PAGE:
Last edited by Compass; 07-08-2017 at 05:20 PM.
    A collector of Rescue Bunnies 'Brie', 'Biscuit', 'Pickle' and newbie 'Bagel'

    Binky in Peace Pedney and Cheddar

  7. #7
    Warren Scout Compass's Avatar
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    He eats only two dessert spoons of Excel nuggets each day, fresh parsley kale and readigrass - He doesn't seem to eat as much hay as he used too but his weight is stable and he seems to graze more throughout the day.
    A collector of Rescue Bunnies 'Brie', 'Biscuit', 'Pickle' and newbie 'Bagel'

    Binky in Peace Pedney and Cheddar

  8. #8
    Wise Old Thumper MightyMax's Avatar
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    Quote Originally Posted by Sarahbun View Post
    Thanks MightyMax I'll have a read of these now x

    Hope there's something helpful there, if only to eliminate what doesn't sound right

  9. #9

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    Quote Originally Posted by Compass View Post
    I'm having something very similar with my rabbit. Last year he stopped eating although it seemed to be a progressive disinterest in food. He had GA and they found a very small spur and he had it ground down, he then went in a few weeks later with the same problem and they thought the other tooth on the other side may have grown out slightly (they said this sometimes happens when having one tooth filed). Anyway thereafter it took him a long while to recover and he was never back to his usual self (he always ate tonnes of hay and gobbled all his food at once - now he is a grazer and will only eat readigrass hay). One year later and he started to stop eating within minutes of jumping/binkying and was rubbing his belly on the floor. We took him to the vets and they couldn't find anything wrong with him. He even had his teeth checked under GA and no cause found. He had pain relief and it quickly subsided. However, since then it has happened about 10 times and is now happening on quite a regular basis. The vet seemed to think it may be gas and suggested pain relief at home (as I kept taking him to the vet with no cause found) and if it didn't improve within 12 -24hrs to bring him in. So we have done this and it usually improves within hours and he starts to eat again. We give him Metacam and Zantac and he goes back to normal. we took him to the vet again just to be sure we weren't missing anything and again nothing could be found. As it becoming more frequent I am concerned and am wondering what to do. We are going to taking him back again to the vet next week. We noticed it comes on very quickly and sometimes he seems to let out gas from his bottom. He is also pooping uneaten caecotrophs when he gets this gas. He is a ginger spotted white domestic rabbit who is at least 6 years old. We don't really want to put him through surgery given if we can manage it with medications but we will discuss options with the vet soon. I would be really interested to know what happens with your rabbit...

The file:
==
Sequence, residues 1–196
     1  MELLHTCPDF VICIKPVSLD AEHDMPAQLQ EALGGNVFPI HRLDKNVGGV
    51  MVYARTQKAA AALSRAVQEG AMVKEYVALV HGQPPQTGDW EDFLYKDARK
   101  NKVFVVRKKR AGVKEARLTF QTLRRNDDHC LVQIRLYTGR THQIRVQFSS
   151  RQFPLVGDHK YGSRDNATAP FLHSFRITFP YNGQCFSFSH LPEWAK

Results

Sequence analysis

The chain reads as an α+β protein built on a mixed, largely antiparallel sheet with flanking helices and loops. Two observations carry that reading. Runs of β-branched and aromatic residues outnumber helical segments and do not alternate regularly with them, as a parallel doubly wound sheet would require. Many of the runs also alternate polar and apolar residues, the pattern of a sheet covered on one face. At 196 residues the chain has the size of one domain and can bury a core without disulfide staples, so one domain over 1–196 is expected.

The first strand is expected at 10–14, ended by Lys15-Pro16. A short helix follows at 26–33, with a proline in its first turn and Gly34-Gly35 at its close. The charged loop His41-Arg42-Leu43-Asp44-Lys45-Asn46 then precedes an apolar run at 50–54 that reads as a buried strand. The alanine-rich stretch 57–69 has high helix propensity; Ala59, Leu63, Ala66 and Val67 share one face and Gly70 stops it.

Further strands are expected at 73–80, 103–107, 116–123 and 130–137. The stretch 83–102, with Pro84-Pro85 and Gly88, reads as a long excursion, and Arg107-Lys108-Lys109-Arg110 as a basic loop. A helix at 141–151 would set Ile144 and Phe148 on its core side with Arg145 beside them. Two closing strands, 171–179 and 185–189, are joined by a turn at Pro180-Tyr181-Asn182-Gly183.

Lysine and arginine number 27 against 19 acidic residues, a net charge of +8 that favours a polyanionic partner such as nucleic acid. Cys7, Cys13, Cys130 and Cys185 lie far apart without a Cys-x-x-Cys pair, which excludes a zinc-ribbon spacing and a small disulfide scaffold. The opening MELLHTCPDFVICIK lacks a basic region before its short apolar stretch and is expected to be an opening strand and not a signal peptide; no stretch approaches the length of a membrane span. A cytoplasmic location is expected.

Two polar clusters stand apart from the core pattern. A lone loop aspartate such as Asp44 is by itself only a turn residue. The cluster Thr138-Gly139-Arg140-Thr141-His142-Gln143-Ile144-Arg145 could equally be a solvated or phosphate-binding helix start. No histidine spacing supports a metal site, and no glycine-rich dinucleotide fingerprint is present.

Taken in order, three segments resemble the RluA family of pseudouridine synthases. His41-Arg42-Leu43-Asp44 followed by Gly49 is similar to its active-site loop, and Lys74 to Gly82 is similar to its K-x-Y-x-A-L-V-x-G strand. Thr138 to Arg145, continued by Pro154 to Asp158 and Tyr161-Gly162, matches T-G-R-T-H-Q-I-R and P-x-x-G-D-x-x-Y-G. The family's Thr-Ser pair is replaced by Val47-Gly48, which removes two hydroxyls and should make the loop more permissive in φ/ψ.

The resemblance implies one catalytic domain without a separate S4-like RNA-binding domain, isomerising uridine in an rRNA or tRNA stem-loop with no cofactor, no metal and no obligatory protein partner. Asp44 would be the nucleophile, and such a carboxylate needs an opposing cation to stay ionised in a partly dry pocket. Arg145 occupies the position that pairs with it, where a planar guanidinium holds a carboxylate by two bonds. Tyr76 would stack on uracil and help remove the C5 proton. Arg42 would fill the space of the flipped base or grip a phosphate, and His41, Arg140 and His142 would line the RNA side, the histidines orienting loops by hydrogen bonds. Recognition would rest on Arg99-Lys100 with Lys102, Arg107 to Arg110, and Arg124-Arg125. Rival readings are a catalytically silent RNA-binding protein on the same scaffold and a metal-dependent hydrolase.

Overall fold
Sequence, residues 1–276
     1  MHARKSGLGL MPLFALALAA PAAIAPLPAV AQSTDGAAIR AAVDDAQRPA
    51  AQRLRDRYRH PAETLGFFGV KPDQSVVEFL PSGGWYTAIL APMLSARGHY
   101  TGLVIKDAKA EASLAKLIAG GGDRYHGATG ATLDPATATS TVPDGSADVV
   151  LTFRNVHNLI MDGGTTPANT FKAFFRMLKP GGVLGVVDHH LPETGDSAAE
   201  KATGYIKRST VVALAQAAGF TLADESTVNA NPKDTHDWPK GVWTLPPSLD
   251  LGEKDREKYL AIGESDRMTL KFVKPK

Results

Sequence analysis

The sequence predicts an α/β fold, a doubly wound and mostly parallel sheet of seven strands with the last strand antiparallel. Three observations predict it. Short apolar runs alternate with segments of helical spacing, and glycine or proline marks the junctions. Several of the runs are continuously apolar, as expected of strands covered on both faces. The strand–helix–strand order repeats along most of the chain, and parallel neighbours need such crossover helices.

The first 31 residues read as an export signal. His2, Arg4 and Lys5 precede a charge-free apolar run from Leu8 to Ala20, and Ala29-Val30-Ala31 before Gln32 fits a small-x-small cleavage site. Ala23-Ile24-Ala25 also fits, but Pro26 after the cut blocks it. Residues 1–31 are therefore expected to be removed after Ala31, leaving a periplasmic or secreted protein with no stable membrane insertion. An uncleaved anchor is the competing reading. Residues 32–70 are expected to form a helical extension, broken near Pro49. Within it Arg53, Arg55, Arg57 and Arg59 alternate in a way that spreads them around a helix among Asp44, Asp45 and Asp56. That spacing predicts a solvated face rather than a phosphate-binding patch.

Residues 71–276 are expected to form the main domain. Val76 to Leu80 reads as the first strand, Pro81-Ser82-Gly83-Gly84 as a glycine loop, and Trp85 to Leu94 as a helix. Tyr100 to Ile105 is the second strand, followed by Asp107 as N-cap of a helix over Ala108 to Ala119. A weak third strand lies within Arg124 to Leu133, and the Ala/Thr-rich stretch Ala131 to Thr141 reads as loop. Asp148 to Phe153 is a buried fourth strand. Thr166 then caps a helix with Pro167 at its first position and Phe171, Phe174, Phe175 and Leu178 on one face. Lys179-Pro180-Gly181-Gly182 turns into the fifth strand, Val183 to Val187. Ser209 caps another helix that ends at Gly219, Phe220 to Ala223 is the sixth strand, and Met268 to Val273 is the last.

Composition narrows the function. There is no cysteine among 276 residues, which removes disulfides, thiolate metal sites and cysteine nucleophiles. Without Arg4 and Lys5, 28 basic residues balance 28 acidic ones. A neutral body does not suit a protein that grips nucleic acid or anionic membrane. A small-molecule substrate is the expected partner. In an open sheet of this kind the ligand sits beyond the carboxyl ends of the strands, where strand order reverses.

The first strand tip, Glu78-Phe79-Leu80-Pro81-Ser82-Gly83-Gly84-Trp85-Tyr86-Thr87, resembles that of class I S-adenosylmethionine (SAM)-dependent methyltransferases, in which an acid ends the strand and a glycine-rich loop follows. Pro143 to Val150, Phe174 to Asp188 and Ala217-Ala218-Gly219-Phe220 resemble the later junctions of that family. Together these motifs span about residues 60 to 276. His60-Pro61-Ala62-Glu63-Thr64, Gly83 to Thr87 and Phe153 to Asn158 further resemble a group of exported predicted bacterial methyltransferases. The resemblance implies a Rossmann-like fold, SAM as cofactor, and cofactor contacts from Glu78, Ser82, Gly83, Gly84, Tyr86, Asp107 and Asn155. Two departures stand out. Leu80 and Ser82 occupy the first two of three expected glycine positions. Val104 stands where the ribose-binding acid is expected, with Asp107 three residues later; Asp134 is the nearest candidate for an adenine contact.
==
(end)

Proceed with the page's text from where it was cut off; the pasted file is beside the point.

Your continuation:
I'll let you know how we get on. It's worrying isn't it? I hope everything works out okay for you x

  10. #10

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    Quote Originally Posted by MightyMax View Post
    Hope there's something helpful there, if only to eliminate what doesn't sound right